After Perry’s meticulous go-thru, fluids were drained and it went into storage/display.  Until now….
 
The motorcycle is completely outfitted with very rare and otherwise unobtainable parts.  Almost every single nut, bolt, axle and pivot is either titanium or aluminum.  Forks and shock are the state of the art (for the time) Ohlins.  Expansion chambers/pipes are factory “A” kit titanium.  Wheels, are five spoke Marvics.
 
The spares package is rich and thick:
 
*Complete set of later model Corbin  #1 body work (seat, two lowers, two uppers, tank (un-dented) (left over from the 2000 campaign)
*Extra set of Factory “A” kit steel expansion chambers
*Sprockets (front and rear) and carriers
*Clutch basket (inner, outer) rod, gear, bearings etc
*two cyclinders
*at least three sets of heads (8.1cc, 8.3cc w/ deto sensors, etc)
*2 Ohlins alternate shock springs
*alternate Ohlins fork springs
*throttle sleeve
*Stator/Rotor
*New side cover with new gasket in package
*TEN brand new matched pistons with rings, wristpins, etc.
*4DP-40 CDI (black box)
*one World Sports Imports Team Polo shirt!
*two (matched L/R set of brake rotors)
*19 spark plugs (11 in bag, used, 8 in holder used but entirely serviceable.
*foot pegs, clutch springs, etc
*electrical umbilical cord for exhaust valve setting
*spare battery, charger
*the SEVENTY-FIVE (not including the ones in the motorcycle) individual gears/alternate ratios that make up the UNOBTAINABLE FACTORY RACING TRANSMISSION KIT.
*tire warmers, f/r stands
*etc.
 
To further document things, the photos should take over from here.  I tried to photograph all the spares so you can paw thru them…  but one photo got missed -showing the two alternate rate Ohlins shock springs. The only thing that has happened to the bike in the years on display is the right aluminum clip-on split due fatigue/time under load.  (You can actually see it in photo #6, right clip on…  a small white line, about 3/4″).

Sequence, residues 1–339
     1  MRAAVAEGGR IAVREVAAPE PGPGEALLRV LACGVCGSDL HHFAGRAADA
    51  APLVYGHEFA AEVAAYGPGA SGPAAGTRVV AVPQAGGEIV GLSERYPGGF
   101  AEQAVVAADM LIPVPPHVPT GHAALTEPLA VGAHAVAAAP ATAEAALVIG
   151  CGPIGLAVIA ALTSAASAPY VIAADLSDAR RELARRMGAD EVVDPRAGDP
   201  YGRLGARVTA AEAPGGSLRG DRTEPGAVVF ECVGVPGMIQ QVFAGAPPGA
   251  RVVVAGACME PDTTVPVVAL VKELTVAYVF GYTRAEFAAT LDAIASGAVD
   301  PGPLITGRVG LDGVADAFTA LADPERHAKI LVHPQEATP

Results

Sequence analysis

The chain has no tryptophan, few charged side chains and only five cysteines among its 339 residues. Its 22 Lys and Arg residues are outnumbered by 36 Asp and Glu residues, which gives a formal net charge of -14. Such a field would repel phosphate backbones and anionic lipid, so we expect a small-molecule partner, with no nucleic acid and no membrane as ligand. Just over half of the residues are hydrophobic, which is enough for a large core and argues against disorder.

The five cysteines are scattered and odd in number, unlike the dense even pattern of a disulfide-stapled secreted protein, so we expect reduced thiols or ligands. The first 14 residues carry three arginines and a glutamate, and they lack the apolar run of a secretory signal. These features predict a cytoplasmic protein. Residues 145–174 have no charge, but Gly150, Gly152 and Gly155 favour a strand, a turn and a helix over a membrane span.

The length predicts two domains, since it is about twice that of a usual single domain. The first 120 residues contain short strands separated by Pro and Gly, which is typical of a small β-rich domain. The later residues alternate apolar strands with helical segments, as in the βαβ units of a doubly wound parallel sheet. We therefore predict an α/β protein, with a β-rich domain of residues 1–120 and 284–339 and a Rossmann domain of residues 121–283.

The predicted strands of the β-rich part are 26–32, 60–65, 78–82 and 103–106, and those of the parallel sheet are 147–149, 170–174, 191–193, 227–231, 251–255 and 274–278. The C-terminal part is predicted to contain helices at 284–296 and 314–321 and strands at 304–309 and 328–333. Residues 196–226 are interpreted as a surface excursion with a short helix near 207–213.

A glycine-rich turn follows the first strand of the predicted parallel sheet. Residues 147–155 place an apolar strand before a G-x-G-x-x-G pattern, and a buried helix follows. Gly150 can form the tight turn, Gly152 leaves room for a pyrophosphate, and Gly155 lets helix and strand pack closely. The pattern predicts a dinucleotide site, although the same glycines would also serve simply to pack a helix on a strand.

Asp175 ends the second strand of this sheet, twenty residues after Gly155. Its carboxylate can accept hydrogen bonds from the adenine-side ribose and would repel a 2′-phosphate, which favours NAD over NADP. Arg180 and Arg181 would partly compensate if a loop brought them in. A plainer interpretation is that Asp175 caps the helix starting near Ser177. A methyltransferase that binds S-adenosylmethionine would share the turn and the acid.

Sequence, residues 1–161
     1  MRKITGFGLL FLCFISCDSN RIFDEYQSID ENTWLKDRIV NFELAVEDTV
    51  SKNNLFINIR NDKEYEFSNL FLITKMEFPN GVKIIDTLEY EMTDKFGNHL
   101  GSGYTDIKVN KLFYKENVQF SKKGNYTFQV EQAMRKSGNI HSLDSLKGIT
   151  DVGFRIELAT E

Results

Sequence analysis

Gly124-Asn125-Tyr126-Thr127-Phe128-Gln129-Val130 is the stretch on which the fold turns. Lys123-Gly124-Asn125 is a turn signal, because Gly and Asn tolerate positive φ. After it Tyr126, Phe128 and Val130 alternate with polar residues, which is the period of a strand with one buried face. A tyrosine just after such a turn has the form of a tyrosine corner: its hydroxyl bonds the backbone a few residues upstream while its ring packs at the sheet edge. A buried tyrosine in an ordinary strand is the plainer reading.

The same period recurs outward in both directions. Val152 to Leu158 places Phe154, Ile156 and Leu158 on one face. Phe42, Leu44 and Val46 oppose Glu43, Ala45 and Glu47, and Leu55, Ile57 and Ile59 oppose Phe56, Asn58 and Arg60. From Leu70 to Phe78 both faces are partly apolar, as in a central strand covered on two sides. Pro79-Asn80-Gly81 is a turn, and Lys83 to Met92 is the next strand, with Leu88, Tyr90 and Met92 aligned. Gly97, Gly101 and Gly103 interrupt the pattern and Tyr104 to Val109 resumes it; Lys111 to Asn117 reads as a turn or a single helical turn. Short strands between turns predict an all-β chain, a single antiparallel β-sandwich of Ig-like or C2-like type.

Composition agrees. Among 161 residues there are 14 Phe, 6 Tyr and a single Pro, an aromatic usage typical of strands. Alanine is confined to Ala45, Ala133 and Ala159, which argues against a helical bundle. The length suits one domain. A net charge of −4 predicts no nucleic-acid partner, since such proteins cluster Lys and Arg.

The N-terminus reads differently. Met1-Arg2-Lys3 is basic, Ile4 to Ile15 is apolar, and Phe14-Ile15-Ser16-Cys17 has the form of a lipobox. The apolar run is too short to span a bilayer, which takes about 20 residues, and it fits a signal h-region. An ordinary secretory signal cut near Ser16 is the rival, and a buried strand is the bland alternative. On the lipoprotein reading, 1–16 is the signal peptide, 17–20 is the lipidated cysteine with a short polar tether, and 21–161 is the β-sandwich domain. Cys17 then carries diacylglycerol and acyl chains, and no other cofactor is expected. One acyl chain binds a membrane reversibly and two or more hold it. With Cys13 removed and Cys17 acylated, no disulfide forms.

Outside of that- the motorcycles’ internals are fresh and as set by Perry.  With fluids, tires, battery and a proper set up for you- the bike is ready to ride.
1998-yamaha-tz250-expansion-chamber
There are no takers yet at the $17,500 starting bid. The listing includes a huge amount of spares as described by the seller, something that can make or break the deal on a bike like this, unless you’re just planning to simply display it. Two-strokes, especially highly-strung, tuned-to-within-an-inch-of-their-lives racing two-strokes consume parts regularly. Folks racing on a budget are likely familiar with that and comfortable wrenching but, when you’re running a nearly twenty-year-old, limited-production motorcycle with parts you likely could never have simply picked up on the shelves of your local dealer, the chances of finding what you need are vanishingly small.